Unique in style and informal, Overcome Failure has been to me like a series of pep-talks or letters from this lovely woman of God. Nearly every time I dive into the book I’m met with a God-timed phrase or passage from Scripture speaking directly to the fear of failure I’ve needed to face.

For example, on page 35, Ifeoma outlines one of the first reasons fear of failure triumphs over us: we hate to wait without a guarantee of the risk (or of anything!) being worthwhile.

“Only patient people can fully surrender. Are you one?” she says.

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My immediate answer is no. But isn’t she right?

We often surrender something to God only to find ourselves snatching it back when He takes longer than expected. If we don’t take it back, we often head right away from the foot of the cross to another thing we can pick up and cling to instead of simply being patient in waiting for what He desires to fill us with.

Picking up our lesser, safer options, we bypass God’s best for us because waiting to see if we might succeed is scary. But that’s where faith can swoop in and spare us.

As Ifeoma explains on page 7 and throughout the book:

Failure is not a monster to be afraid of. It only becomes a giant when we see it as such; however, when we embrace the hope God offers us, it becomes just another challenge that is brought down.

When God says He can work all things together for good, He even means our failures or potential failures. As He explains in 2 Corinthians 12:9, “His power is made perfect in weakness.”

God doesn’t need us to succeed for Him to succeed in His purposes for us and through us.

I hope that simple, essential lesson from Overcome Failure helps you grow in boldness, trust, and obedience in Christ the way it has me.

Thank you, Ifeoma, for the wise, personal, God-grounded talk on this touchy topic!

To learn more about Overcome Failure, click here.

This post may also be shared on: #TestimonyTuesday, #RaRaLinkup, #Intentionally Pursuing, #WomenWithIntention, #TellHiStory, #Thought-Provoking Thursday, #DanceWithJesus, #LLMLinkup, Faith-Filled Friday, Sitting Among Friends, and #SoulSurvivalLinkup.

WordoftheWeek: Strengthen

“Be strong and of good courage… do not cower.

Do not heed your fears. Take the land I have given you to possess.”

Joshua 1:6, 7

Joshua is one of my favorite books of the Bible. The third chapter in particular grips me every time. So thankful Christine shared about the Lord using Joshua to encourage her to worship Him during battles of all kinds.

Genuinely praising God amidst the crazy and chaotic takes strength.

That’s the word this week, pulled from Joshua 1: Be Strong.

4 Facts:

  1. “Be Strong” is a Verb

I’m referring to the word strengthen because in this verse, in context, “be strong” means “grow strong” or, simply “strengthen.” It’s an action word.

Strength is not something we just possess. To be strong is to exert power.  It’s to use what you have been given with might.

  1. Strengthening is Multi-Faceted

Sometimes being strong means grasping something tightly. That might involve seizing hold of it…or it may mean clinging with force to what is already in your grip.

When you exert strength, it takes effort and sustenance. You must firm up your muscles- even your Spiritual muscles.

  1. Strength Derives from Something Given

“Adopt” and “apply” are some of the first words listed in the definition of strengthen. The potential of the power and might have been given. The Lord’s promises have been made and His call has been issued.

To be strong is to apply what has been given. Flex the faith-muscle God has been growing.

  1. Being Strong Means Relying on the Lord

Another aspect of “be strong” is “be encouraged,” or, “fasten.” What is it that the Israelites were called to be strong in? What is it we’re to fasten ourselves to, take hold of, and grip with all our strength?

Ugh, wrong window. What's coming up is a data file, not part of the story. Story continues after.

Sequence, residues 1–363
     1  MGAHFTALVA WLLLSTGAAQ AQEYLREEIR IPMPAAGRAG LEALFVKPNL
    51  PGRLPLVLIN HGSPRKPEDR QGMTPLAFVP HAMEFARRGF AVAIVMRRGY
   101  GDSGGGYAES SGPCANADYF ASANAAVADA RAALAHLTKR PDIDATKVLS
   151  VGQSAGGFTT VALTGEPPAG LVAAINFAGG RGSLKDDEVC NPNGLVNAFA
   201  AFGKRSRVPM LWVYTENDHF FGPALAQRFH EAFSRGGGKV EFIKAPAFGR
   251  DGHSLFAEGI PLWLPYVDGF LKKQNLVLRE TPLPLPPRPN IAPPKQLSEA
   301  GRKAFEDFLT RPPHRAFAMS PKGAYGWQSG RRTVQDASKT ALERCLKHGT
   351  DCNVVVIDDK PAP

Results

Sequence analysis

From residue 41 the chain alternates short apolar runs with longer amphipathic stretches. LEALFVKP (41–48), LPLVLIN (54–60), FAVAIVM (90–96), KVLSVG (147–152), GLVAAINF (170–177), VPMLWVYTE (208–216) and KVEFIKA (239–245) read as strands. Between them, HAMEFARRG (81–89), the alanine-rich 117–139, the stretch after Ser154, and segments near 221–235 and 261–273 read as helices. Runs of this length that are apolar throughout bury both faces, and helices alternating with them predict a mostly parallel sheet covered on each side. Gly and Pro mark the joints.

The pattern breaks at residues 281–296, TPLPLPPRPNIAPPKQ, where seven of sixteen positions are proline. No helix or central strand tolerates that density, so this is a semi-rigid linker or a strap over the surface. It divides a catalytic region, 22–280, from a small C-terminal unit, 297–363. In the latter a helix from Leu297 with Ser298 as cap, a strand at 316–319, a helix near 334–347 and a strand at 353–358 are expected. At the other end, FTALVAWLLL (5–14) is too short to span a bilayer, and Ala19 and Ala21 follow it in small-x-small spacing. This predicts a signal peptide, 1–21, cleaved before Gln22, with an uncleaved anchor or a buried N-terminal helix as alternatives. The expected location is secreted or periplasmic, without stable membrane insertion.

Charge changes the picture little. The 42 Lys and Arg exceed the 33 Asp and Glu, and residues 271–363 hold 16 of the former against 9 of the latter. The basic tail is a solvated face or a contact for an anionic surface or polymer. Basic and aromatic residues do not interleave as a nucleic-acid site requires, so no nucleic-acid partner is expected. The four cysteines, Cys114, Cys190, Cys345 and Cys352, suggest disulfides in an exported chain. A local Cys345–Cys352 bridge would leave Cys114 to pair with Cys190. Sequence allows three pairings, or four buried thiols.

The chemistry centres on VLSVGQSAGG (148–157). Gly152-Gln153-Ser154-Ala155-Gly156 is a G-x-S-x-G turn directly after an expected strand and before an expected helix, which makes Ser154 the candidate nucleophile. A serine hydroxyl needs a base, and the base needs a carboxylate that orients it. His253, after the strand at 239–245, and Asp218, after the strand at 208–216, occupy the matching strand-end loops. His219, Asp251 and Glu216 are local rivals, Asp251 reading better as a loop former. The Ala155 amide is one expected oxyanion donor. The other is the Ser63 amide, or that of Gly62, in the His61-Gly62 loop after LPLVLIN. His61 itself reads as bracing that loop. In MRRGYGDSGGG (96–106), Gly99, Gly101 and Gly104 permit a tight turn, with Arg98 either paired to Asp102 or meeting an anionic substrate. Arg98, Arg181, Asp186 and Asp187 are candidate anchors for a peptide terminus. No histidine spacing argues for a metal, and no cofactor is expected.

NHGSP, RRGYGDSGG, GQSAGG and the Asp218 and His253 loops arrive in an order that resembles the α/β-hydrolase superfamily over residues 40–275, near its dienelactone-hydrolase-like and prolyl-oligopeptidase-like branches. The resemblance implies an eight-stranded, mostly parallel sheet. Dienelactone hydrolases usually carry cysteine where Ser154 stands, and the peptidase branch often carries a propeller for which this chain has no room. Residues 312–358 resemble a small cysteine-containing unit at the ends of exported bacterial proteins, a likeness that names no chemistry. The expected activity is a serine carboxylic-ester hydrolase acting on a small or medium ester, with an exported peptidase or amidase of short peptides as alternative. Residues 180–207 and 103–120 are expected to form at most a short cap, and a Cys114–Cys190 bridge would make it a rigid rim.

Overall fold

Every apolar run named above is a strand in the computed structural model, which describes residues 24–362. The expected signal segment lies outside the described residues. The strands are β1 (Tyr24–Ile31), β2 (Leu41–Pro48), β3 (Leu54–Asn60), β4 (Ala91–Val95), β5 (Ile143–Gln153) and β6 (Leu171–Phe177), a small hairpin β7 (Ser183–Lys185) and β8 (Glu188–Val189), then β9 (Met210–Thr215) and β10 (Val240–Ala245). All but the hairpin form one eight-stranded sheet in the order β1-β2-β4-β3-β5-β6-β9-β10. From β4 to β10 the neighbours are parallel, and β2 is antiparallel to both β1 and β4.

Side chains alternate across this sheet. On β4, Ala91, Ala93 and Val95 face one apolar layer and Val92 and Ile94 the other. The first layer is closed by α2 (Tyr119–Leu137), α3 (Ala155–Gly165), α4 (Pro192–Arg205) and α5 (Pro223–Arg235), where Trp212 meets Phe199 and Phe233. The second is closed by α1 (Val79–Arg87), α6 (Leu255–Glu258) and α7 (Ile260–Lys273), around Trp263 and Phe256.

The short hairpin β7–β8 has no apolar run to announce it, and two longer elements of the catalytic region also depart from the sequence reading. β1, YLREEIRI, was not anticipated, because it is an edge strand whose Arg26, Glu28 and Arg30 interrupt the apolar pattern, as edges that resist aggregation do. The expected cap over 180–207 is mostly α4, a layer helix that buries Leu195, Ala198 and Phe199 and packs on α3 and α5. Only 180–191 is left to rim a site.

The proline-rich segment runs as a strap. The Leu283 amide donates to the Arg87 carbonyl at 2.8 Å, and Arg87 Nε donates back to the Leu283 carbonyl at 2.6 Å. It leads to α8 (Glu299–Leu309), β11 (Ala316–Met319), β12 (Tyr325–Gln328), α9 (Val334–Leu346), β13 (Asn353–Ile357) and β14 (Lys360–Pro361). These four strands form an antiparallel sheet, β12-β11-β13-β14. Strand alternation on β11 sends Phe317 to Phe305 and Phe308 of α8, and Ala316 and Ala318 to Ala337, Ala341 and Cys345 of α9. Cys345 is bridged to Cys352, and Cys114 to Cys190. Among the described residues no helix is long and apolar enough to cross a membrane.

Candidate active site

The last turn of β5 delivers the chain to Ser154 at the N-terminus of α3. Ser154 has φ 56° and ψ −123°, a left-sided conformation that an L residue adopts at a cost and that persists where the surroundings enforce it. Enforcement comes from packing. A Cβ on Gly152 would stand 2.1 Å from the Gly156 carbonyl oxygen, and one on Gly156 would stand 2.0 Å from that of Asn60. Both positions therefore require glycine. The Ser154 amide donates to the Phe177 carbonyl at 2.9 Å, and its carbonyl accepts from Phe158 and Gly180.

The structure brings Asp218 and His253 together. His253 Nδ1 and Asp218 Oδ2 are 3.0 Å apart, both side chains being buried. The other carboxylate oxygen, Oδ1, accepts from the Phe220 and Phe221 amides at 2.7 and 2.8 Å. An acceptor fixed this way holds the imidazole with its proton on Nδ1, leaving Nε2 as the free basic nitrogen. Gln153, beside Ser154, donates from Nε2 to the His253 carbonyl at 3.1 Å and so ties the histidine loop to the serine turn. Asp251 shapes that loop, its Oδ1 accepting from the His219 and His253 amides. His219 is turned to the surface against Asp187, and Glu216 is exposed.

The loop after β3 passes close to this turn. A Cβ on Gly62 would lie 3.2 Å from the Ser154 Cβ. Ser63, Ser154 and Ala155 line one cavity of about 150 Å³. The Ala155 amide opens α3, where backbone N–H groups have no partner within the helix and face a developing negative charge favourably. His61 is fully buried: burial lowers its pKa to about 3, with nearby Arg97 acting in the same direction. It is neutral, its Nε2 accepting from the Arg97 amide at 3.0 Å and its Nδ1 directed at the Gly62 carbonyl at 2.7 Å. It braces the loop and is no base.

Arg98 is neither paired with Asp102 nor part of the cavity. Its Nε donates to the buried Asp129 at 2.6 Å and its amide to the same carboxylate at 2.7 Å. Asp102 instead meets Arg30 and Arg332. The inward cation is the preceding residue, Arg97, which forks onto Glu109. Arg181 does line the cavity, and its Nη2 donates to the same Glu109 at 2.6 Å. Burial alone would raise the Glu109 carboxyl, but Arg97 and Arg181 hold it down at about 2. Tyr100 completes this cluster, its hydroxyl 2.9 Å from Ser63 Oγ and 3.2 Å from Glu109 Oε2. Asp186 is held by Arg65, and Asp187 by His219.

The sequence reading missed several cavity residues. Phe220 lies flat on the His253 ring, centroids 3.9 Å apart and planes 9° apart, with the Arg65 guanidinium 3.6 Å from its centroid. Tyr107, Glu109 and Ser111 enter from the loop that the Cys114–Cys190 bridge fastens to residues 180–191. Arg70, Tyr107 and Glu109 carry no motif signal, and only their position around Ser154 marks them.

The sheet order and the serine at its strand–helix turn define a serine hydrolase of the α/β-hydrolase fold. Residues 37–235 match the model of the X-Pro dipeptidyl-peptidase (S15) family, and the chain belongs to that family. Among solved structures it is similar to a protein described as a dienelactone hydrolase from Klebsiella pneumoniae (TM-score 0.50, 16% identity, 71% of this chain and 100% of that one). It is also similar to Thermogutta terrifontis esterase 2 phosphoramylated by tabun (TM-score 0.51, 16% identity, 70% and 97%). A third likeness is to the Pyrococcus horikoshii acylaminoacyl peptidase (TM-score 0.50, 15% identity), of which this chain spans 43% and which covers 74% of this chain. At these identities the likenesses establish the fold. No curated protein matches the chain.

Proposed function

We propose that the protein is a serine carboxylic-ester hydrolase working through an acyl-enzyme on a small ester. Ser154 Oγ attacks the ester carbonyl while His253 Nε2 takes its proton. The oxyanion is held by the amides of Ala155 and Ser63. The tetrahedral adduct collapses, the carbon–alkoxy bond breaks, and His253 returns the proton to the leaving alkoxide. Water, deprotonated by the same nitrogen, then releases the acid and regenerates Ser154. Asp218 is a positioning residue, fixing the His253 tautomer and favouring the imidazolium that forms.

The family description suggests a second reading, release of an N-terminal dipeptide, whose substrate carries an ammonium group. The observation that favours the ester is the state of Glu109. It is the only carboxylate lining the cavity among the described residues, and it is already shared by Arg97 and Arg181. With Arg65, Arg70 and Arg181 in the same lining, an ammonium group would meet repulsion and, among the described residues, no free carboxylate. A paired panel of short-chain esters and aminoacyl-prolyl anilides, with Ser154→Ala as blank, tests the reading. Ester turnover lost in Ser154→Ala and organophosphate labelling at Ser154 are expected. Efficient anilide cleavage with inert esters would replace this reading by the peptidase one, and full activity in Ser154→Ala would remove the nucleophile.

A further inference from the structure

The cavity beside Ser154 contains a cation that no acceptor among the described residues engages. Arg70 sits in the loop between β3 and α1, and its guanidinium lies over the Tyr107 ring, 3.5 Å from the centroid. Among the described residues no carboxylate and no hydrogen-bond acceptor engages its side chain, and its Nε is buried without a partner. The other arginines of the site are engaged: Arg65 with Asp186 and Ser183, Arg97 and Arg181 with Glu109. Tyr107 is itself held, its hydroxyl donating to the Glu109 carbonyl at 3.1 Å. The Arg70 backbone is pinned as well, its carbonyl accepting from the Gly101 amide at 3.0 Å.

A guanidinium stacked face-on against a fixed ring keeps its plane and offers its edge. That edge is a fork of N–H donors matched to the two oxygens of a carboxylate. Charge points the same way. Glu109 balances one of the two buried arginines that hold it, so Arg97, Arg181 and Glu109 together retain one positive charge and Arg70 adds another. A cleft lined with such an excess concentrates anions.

God’s promises. Be strong in taking hold of God’s promises.

Securely and resolutely take hold of the one who is growing you.

That’s what it is to be strong: to flex our God-given muscles in the battles we face.

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We take hold and flex in praise, in faithful following, and, as the verses that follow state, in obedience.

Will you stretch and flex from the soul with me today?

This post is being shared on: #TestimonyTuesday, #RaRaLinkup, #Intentionally Pursuing, #WomenWithIntention, #TellHiStory, #Thought-Provoking Thursday, #DanceWithJesus, #LLMLinkup and #LifeGivingLinkup.

The Faithful “If”

Photo from: www.spectrumhealth.ie

In Philippians 2, Paul explains what the “ifs” of faith can amount to. We read the words “if any” over and over again. Paul explains how the “ifs” we desire can add up to joy. Sometimes it helps to read Scripture backwards.

Those “ifs,” for instance, are based on the presuppositions that follow:

  • Have the same mindset as Christ
  • Look to the interest of others
  • Value others above yourself
  • Do nothing out of selfish conceit
  • Be united in one Spirit and Mind

Before listing these presuppositions, Paul says that these “make my joy complete” (Philippians 2:2.) Paul was not speaking merely of people doing things in faith to make him proud and happy.  He was explaining not just his joy, but the joy of those who read the Word and listen, resulting in a life that glorifies God.

These presuppositions set us up for the “anys” we long for in life. They fulfill the “if” of faith needed to move us from speculative belief into faith assured by the reality of Christ at work in you and me.

What are these “anys?”

  • If any comfort
  • If any encouragement
  • If any common sharing in the Spirit
  • If any compassion and tenderness
  • If any working out of our own salvation
  • If any of God working in us to fulfill His good purposes
  • If any shining like stars

IF we desire any of these in our lives then we need refer back to those presuppositions. And don’t we desire these?

In His grace He gives us every good and perfect gift. By His mercy we are saved without doubt after trusting Christ. But He doesn’t promise to break through our every barrier and buffer. The Lord doesn’t say that we will feel His presence and have His complete joy when we don’t walk with Him.

He certainly doesn’t promise to make us feel supported and cared for when we act for selfish reasons. In fact, Scripture says that “even when you ask, you don’t get it because your motives are all wrong–you want only what will give you pleasure” (James 4:3.)